So now that you know where my passion lies, I can tell you that if I could, I would devote 50% of my time to building those relationships through our company’s Facebook page, Twitter account, Pinterest page, website, and this blog.   That is not even close to realistic.   So, I sat down to figure out a way that would allow me do what I love and do what I need to do (but may not love so much) in a way that best serves me, my company, our clients and anyone else interested in functional medicine and good health.

5 Steps

Step 1:  Determine what you love to do.  What job duties or tasks do you really like?  What gets your creative juices flowing or analytical mind churning in your job?  [Click to Tweet]  What tasks do you never mind doing?  This may take some time to figure out.  I mentioned that I have worked on social media marketing for about a year, but I’ve been President of this company for almost 6 years.  Yes, it took me that long. It does not have to take that long.  Sit down in a quiet place (probably at home) and do some real thinking.
Step 2: Break down that task.  Now that you have this list, break it down.  What about that particular task do you love?   Why do you love it?  For example, do you love it because the task requires you to concentrate on just 1 thing for a block of time?  Or, do you love it because when you are doing that task, you are interacting with people, and not a computer?  Or, do you love it because it gives you a sense of satisfaction; you can cross something off your list?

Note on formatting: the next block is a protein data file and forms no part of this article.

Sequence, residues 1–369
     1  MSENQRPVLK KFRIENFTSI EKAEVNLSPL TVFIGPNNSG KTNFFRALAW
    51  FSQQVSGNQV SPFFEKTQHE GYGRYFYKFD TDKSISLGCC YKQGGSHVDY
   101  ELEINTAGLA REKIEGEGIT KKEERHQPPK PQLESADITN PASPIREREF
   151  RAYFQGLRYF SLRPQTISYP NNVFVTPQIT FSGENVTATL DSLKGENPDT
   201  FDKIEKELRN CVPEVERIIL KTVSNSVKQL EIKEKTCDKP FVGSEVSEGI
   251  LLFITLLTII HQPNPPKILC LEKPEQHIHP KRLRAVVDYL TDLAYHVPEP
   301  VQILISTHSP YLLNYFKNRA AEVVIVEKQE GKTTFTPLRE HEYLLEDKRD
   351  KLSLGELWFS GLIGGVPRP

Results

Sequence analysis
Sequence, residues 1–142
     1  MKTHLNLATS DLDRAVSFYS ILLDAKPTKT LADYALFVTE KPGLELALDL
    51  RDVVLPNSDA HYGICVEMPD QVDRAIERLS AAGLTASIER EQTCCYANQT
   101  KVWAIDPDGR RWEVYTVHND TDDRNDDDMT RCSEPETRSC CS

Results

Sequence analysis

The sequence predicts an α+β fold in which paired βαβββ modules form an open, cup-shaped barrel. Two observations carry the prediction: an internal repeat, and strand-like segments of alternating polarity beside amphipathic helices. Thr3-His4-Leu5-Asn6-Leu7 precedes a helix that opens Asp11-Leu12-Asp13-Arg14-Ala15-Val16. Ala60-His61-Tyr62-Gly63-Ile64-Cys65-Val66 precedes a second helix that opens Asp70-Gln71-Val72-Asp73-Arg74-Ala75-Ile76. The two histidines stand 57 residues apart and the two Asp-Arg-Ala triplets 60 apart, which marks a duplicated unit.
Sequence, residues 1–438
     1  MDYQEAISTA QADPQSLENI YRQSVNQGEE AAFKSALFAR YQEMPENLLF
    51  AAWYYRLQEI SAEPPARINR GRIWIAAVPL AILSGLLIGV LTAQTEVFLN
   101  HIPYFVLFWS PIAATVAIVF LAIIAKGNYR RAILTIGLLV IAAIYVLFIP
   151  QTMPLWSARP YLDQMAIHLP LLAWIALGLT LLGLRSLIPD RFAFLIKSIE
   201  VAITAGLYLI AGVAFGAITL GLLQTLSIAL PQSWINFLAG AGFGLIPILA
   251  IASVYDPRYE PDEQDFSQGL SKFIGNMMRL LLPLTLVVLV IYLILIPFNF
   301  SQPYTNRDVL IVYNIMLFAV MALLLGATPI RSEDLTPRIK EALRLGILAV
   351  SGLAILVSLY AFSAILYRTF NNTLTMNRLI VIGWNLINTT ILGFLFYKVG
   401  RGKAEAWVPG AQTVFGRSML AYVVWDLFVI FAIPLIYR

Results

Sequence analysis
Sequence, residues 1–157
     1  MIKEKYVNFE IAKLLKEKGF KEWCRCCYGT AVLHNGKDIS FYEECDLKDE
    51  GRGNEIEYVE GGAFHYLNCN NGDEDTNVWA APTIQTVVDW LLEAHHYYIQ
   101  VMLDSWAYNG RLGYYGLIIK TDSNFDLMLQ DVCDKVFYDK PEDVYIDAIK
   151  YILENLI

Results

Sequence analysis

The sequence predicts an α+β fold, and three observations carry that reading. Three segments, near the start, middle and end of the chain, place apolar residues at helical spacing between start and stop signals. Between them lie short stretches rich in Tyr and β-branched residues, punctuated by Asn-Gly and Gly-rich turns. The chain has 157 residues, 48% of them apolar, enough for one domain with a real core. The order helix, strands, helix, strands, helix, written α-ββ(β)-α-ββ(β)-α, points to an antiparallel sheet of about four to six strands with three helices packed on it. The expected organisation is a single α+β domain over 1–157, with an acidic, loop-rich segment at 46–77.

Step 3:  Get creative.  Now that you have the reasons why you really like a particular part of your job, it’s time to get creative.  Figure out how you can get the feeling you get from doing that job from some of your other job duties. [Click to Tweet]  For example:  If you really love interacting with people, could you set up weekly Skype meeting, or daily phone calls or 15 minute check-in meetings instead of going back and forth on email all day?  If you love a particular task because you can close your door and work uninterrupted, could you figure out a way to do that every day even if for small blocks of time?  (See my solution for this below).  If you love the sense of crossing something off your list, could you start bundling the never-ending tasks with a task that can be completed each day so that you can do more “crossing off.”  Or, could you schedule your day so that you can do 1 “cross-off” item each hour or each day to give you that feeling you love?